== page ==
On reflecting the past week of events, I also reflect on the many doctors we come across. I could write a dissertation on the rightful treatment of patients and that they are people and not just a figure to be treated! Doctors need a new module in their training, how to be empathetic, respectful and person centered! We do have the lovely Kevin, who is a top oncology doctor, who I hope makes a consultant one day. He has all the right qualities. He talks to Harry, includes him in the consultation, asks him where the pain is, he also remembers and knows Harry's history! The junior doctors who have just started in August have soooooo much to learn. I have probably said this before too, but I question whether some have been dragged off the street, as their knowledge appears to be minimal. The doctor who saw Harry at the weekend, to be fair was not an oncology doctor, but more the need to read Harry's notes before entering. She didn't know what medicines Harry was on, she didn't know that we had the resuts of his cultures, saying that there was no infection present, in fact she denied the cultures could possible be assessed, thinking his first temperature was the night before not Tuesday night! She had no idea really about the plan for Harry, the protocol as to when his hydration infusion should end, she also had a poor ability to engage with Harry. Admittedly he was grumpy at the time! Then there is the docor who is summoned to reassess Harry medically in the middle of the night. I am  awoken to take part in this of course! Half asleep I hold Harry's hand whilst he cries in disagreement at being prodded at 1.30 am as his oxygen levels are lower than they should be. Oxygen is wafted in front of his face to bring his sats up. My eyelids keep drooping to close and the doctor asks me if I have any questions, my only one is, can I go back to bed! There are too many instances to jot down here of doctors coming at meal times for example and wanting to poke Harry, they say they can't come back and Harry just ends up upset, the last time this happened I put my foot down and the doctor had to wait the 5 minutes until Harry had finished lunch, then he was very ammeniable and the job was probably finished in the same amount of time, to had she purseued her first attempt, a screaming Harry would have taken longer and harder to assess! I often think about people in hospital alone, without anyone to advocate for them, often poeple with dementia or a learning disability or too unwell to speak up. I often think of the patient labelled as aggressive, if they would be so, if more empathy, understanding and timely assessmennts by doctors were made. Inteventions are invasive and often approached very matter of factly and obviously necessary, but the way they are expedited effects the patience whole experience. I know it can't always be exactly how it should be, but if most of the time it was, that would be a great leap forward!!!!!!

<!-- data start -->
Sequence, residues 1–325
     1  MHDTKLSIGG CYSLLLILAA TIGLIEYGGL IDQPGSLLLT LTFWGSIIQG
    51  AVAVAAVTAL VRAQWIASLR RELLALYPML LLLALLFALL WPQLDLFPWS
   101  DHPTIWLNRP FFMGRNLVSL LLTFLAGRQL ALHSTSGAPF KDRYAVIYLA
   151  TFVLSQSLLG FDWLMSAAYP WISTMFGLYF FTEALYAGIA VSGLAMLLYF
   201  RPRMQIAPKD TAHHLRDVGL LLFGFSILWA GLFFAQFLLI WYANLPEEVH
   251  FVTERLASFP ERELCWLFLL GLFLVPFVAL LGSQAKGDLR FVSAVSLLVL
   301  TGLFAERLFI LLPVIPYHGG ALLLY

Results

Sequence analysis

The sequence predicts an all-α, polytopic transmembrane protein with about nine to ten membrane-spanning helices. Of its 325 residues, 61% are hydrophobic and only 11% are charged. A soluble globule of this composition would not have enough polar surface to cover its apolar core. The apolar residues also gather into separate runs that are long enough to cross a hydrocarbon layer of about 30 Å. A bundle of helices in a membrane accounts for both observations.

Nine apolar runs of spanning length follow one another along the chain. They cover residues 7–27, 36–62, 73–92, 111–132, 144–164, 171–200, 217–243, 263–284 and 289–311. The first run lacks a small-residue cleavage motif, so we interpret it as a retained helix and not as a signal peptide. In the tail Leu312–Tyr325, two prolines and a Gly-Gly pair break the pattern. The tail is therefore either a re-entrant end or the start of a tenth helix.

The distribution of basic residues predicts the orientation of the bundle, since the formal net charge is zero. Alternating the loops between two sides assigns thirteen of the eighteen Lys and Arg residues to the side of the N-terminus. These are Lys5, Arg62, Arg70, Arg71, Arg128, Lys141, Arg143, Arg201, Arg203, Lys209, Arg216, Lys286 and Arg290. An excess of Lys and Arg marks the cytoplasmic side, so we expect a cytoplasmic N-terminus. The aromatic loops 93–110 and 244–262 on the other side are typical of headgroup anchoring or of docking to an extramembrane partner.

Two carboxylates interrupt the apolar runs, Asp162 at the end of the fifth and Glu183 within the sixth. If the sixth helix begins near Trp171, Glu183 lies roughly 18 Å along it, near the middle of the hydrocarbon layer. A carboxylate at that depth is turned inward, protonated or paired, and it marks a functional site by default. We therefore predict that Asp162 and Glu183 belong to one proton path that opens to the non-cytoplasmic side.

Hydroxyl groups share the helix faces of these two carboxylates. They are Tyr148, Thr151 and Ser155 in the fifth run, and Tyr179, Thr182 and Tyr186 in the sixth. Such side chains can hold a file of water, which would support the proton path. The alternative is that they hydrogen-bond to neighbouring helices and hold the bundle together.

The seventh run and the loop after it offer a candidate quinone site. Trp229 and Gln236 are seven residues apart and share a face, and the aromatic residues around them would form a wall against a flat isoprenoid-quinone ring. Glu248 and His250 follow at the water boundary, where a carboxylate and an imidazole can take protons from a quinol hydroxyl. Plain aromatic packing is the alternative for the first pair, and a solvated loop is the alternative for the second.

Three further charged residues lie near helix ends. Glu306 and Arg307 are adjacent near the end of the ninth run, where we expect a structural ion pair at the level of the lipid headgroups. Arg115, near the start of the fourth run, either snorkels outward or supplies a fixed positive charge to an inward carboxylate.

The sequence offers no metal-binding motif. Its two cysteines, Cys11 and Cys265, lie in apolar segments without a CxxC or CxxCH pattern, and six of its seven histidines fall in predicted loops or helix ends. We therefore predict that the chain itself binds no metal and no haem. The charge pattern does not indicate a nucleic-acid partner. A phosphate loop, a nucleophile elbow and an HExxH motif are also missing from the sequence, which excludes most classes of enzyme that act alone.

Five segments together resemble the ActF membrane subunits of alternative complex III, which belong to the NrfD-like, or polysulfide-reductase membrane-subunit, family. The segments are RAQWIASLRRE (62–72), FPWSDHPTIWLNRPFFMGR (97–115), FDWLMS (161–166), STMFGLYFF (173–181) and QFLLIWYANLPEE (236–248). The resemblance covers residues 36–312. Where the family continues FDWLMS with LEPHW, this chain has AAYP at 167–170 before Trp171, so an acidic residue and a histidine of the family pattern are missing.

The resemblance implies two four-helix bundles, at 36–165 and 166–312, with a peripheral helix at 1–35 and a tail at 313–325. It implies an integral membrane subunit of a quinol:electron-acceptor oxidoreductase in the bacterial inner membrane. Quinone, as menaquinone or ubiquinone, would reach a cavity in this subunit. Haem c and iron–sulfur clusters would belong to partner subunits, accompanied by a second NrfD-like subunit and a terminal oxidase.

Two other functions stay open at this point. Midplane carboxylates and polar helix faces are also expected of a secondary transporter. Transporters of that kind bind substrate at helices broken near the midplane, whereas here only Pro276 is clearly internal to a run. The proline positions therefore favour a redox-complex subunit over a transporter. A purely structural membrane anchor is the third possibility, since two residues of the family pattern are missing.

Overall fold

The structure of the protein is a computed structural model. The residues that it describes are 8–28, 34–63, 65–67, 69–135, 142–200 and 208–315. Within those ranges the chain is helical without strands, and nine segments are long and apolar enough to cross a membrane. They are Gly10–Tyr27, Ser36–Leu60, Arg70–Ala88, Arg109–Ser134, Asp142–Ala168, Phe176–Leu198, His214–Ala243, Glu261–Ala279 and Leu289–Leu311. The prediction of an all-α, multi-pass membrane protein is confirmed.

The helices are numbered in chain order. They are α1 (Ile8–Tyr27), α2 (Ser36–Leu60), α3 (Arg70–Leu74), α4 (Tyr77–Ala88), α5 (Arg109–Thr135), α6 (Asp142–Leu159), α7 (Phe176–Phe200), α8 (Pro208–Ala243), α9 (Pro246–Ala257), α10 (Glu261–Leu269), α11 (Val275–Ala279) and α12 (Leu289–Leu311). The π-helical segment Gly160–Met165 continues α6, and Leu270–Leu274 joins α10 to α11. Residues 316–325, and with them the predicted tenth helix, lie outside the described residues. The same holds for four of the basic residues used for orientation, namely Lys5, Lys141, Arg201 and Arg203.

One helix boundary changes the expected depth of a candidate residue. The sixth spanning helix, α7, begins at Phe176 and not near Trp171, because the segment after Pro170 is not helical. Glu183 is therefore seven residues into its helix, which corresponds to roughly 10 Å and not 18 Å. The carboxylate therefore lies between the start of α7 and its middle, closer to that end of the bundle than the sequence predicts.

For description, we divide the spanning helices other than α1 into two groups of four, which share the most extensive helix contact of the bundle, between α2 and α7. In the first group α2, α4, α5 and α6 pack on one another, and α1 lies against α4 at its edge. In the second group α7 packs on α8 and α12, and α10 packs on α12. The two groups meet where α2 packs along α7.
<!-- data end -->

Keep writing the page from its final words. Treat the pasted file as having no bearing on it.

So as I witter on and on, I feel better for writing this all down. I started writing this with tears rolling down my cheeks and finish having I think counselled myself to some degree, well until tomorrow and the kids awake screaming at me. Again that pile of paper work is still there, but I think it is vino and relax time now! Sometimes i think of post traumatic stress disorder and to some degree, I think that I diagnose myself as having that. Each treatment is like a trauma and as life evens out afterwards, it enables  me time to reflect, I get angry at the suffering Harry has to endure, get cross with the systems I have to deal with, I try and re evaluate where life is for us and deal with the loss of my fantasy of 'normaility', working etc, anything but being a stay at home mum. I think, if life was even, then actually being a stay at home mum, does actually have its advantages and I could like it, but if life was even, Harry would be in school mon to fri, I would have time just with Callum, he would be approaching getting his  15 hours a week free nursery place come January and I would have a few hours to be entirely me. But life isn't an even playing field and so currently being a stay at home mum is none of the above and managing my boys through this whole process and I include my husband in that, well it can be the most challenging of jobs I have ever had!